Thermal Hydrolysis Process (THP) Explained


Greg Knight, senior process engineer with Black & Veatch, describes the function and implementation of thermal hydrolysis for sludge handling and resource recovery.

Sitting down with Water Online Radio’s Todd and Kelly, Knight first defines the process:

“[The] thermal hydrolysis process, or THP … is basically a process whereby biosolids are pressure-cooked at high temperature and pressure to improve the digestibility of the biosolids, usually before anaerobic digestion.

“Basically, the biosolids are heated using steam to about 165 degrees Celsius, held for about 20 to 30 minutes, and then transferred to anaerobic digestion.”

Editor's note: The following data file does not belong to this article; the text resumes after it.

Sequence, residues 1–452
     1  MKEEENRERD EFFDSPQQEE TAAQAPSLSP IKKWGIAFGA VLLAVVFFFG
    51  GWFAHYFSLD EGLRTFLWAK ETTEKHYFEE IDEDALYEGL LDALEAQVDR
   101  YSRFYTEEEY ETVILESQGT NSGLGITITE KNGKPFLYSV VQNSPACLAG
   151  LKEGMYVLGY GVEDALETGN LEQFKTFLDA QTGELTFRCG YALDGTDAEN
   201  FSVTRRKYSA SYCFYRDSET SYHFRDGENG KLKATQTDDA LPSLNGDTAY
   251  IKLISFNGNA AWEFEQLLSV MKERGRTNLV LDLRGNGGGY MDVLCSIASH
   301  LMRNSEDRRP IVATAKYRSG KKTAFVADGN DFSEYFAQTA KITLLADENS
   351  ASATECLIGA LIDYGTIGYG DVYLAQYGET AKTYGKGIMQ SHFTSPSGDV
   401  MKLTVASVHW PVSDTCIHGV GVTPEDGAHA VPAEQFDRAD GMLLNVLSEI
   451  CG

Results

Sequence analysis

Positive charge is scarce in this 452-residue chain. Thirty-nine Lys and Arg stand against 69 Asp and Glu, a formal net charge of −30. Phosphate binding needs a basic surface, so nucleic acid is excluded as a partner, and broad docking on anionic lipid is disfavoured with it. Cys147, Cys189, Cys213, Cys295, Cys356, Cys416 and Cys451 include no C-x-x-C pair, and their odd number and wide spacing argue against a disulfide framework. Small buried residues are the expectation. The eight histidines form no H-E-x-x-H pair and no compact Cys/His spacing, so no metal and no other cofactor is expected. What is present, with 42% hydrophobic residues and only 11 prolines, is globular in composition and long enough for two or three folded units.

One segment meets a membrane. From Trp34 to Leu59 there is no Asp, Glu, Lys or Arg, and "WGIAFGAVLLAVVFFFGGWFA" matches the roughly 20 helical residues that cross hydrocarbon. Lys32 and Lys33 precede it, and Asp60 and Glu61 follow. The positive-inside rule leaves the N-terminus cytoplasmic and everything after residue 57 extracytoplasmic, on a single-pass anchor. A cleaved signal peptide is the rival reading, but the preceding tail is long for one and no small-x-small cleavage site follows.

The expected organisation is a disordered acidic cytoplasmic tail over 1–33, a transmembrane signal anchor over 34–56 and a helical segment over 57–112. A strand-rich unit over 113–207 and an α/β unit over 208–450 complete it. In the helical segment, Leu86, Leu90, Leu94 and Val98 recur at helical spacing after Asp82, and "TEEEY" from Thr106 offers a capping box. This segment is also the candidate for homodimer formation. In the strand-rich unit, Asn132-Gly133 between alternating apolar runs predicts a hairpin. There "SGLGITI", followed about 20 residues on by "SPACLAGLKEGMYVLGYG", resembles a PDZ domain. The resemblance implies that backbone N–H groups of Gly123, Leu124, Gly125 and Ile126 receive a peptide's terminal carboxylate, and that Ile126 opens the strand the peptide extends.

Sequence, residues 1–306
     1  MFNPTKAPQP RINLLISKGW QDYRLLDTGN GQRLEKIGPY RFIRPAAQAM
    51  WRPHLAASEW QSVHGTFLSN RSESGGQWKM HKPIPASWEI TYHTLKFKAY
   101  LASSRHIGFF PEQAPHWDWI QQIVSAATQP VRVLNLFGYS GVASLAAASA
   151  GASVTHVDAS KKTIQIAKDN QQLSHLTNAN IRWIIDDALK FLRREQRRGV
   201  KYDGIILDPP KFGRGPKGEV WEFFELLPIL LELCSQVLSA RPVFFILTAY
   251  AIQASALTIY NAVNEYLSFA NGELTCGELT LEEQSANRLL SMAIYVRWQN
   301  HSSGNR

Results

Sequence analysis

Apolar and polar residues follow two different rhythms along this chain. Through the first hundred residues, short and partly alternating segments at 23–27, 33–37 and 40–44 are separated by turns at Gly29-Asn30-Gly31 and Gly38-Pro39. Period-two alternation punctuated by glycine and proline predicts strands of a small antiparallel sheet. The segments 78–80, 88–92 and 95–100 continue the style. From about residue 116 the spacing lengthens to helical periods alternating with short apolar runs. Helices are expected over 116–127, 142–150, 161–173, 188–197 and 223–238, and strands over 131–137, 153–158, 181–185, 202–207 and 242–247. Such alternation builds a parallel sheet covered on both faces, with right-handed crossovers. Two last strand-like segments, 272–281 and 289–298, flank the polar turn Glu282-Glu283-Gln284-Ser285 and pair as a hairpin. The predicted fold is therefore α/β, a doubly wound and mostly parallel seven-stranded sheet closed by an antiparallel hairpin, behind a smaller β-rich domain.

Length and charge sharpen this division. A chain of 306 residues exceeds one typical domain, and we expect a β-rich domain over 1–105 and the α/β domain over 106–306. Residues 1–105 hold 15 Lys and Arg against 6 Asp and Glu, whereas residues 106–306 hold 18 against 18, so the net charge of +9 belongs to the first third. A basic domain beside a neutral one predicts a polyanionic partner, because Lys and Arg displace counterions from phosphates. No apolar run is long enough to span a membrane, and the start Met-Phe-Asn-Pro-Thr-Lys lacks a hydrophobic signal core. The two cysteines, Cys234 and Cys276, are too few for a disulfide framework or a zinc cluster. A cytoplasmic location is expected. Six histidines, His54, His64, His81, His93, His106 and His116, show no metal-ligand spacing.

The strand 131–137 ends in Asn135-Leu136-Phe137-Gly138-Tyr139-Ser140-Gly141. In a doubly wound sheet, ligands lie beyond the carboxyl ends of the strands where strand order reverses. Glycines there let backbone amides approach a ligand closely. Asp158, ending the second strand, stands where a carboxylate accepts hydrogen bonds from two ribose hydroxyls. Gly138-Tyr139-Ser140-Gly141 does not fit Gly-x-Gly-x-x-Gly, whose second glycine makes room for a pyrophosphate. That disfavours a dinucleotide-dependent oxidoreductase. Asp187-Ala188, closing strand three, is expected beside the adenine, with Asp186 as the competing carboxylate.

Why invest in THP? Knight explains:

“One of the key benefits is … enhancement of the digestion process, so you need about half the digestive volume that you would need with conventional anaerobic digestion.

“You get improved conversion of volatile solids in the digestive process, and that leads to a number of other benefits. You get better dewaterability of the biosolids, so you get a drier cake at the end of the day. Because the solids are being cooked at a high temperature, you also get a Class-A biosolids which can be used for land application beneficial reuse. You get more biogas, and you also get less odor in the final product.”

Knight offers additional insight on favorable conditions for THP performance, impacts on facility footprint, the utilization of recovered resources, and much more. Tune in below to hear the full story.